Small schools play with the big boysPublished 12:25am Sunday, August 28, 2011
On back-to-back Fridays, local teams have played football games that had a curious tidbit to them.
On opening night Aug. 19, we watched Trinity Episcopal, an MAIS Class AA school, take on Jefferson County High School, an MHSAA Class 3A school.
This past Friday, we saw Jefferson County take on Natchez High School, an MHSAA Class 6A opponent.
In both instances, it was a case of big school versus small school, at least on the surface.
By no means, though, were these match-ups David and Goliath-type match-ups. While it’s true that the bigger schools ended up winning in both instances, it wouldn’t have been a surprise to see Trinity upset Jefferson County, or Jefferson County topple NHS.
Trinity might be a private school, but there’s no shortage of athletes on the Saints’ roster. David King’s coaching staff also makes a point to have their players — especially the linemen — keep up with strength and conditioning almost year round.
Because of this, Trinity is always going to be a hard-nosed team in the trenches. If you can hold your own on the offensive and defensive lines, and you have playmakers on your team, you can compete with almost anyone not named South Panola.
Jefferson County in recent years has been one of the stronger teams in the area. James Herrington and his staff have done an excellent job with the talent on hand, so to see his team keep close with NHS Friday for most of the game wasn’t a surprise.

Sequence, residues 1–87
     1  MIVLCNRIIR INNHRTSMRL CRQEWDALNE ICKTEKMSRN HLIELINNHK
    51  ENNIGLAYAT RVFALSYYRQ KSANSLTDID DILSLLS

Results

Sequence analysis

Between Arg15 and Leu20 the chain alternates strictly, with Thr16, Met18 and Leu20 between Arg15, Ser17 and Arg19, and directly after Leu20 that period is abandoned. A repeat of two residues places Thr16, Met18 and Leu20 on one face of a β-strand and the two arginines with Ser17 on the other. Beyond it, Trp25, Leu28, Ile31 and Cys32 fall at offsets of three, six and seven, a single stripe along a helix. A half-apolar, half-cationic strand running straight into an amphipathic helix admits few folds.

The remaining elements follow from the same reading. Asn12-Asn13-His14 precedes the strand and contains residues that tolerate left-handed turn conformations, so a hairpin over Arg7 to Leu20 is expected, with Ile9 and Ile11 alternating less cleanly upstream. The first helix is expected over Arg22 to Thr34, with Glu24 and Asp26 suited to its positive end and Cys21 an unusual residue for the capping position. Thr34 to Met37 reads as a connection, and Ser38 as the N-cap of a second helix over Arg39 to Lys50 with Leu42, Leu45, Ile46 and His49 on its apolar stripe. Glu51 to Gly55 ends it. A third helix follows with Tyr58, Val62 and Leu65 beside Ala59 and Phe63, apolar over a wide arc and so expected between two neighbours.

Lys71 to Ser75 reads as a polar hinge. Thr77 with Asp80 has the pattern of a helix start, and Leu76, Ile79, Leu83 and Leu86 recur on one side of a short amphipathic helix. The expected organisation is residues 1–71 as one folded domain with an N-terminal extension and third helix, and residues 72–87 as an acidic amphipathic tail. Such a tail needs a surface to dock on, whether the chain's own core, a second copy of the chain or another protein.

So despite the size of Trinity and then Jefferson County, both teams had ample reason to step up to the challenge of playing a bigger team.
One reason is obvious: There’s not much travel time between Fayette and Natchez. It’s maybe a 45-minute drive. Playing local teams is wise economically, and it gets the fans excited to see the teams compete in cross-county rivalries.
Furthermore, both Trinity and Jefferson County look to compete for championships on both the divisional and state level.
Playing tough out-of-conference games helps prepare both teams for the rigors of a divisional and post-season schedule. Sure, you could schedule creampuff teams and blow them out 55-0, but doing that doesn’t challenge your players to get better.
The only time scheduling easy non-conference games makes sense is if your squad has had a couple of down years prior to the current season. As a coach, if your squad is used to losing, and you feel like this might be the year they’ll turn the corner, scheduling easy games early can allow them to boost confidence. That can act as a momentum builder to catapult the players into their conference schedule.
Neither Trinity nor Jefferson County was able to overthrow their “bigger” opponents these past two Fridays, but some positives could be take from those games.
Neither team backed down from the challenge, and both games could serve as measuring sticks to where each team is now, versus where they want to be.
Am I saying it was good for them to lose? No, and I don’t think the players and coaches for either team would accept losing. But what they take from those losses is what will make a difference in the long run.
MICHAEL KEREKES is the sports editor for The Natchez Democrat. He can be reached at 601-445-3633 or at email@example.com.